Görtzen has accomplished everything and more in Magic. But trophies aren't all that they seem, and neither is he.


"A rebel with a cause." That's how Görtzen describes himself almost a decade after his Pro Tour title. Maybe not the word you'd first associate with the man who has spent years presenting straightforward statistical metagame data, but Görtzen is full of surprises. He knows how people see him, and he's ready to set the record straight in Las Vegas.

"They see the straight man, the persona I put on when I'm in the booth with Riley, but there's a lot that they don't see," Görtzen explained. "I want to show there's a bit more to me than the caster."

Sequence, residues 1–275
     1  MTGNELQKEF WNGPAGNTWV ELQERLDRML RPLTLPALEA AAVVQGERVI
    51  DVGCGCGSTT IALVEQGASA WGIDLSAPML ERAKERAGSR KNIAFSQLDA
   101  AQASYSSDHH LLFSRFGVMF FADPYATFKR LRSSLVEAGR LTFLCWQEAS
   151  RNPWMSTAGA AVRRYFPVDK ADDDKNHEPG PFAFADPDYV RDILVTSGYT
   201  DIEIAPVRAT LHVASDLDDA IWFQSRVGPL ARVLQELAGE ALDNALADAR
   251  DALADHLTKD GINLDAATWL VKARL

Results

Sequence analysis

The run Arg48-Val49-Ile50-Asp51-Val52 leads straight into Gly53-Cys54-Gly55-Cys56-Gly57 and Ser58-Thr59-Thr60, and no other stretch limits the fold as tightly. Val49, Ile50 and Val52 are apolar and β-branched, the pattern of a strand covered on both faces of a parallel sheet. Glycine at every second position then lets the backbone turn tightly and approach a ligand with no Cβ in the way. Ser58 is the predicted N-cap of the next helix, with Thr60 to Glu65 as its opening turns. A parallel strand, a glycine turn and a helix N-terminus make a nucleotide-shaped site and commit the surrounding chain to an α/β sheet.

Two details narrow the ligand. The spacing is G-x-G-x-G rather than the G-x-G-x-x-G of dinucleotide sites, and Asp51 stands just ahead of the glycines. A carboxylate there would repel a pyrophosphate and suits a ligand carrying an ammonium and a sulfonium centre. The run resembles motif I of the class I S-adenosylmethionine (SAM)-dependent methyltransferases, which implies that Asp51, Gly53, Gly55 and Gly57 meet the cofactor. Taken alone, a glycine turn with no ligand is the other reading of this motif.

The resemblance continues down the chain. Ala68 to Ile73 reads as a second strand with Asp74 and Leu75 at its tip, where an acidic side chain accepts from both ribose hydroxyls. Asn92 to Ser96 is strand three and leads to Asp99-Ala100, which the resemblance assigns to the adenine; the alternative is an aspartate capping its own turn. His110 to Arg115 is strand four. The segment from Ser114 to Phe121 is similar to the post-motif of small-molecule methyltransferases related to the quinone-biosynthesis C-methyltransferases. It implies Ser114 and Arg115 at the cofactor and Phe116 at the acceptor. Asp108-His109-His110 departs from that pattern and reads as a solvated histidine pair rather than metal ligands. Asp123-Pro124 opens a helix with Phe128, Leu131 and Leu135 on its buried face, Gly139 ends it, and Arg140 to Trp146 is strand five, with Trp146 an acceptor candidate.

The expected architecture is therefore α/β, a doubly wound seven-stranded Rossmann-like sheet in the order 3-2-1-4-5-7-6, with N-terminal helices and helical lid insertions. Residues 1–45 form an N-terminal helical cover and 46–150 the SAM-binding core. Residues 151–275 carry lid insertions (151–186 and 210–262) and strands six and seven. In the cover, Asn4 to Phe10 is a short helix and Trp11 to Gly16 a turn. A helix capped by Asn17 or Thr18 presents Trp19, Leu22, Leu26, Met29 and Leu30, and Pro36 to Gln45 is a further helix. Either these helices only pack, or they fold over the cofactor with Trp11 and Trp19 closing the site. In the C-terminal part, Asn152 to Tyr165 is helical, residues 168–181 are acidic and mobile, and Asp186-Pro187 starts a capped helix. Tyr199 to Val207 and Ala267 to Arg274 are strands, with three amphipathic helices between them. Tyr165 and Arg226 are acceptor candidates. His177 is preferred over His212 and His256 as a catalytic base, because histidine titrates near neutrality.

The Simon Görtzen who shows up at the Mythic Championship won't be the stone-faced commentator who can't break character, and he admits it will be nice to take a break from that role. Instead, we will have the Simon Görtzen you definitely don't know.

Not many know that Pro Tour San Diego almost never happened for Görtzen. He was qualified by ranking but wasn't planning on attending and was ready to throw in the towel on chasing the pro dream. But a friend who was also qualified convinced Görtzen to accompany him, and the rest is history.

Even fewer know of the struggle that followed winning that Pro Tour. Every competitor strives to win the biggest events, but by simple math very few ever do, including the best players in the world. That meant there were very few people who could understand the particular sorrow that comes from reaching the top of the mountain and having nowhere to go but down.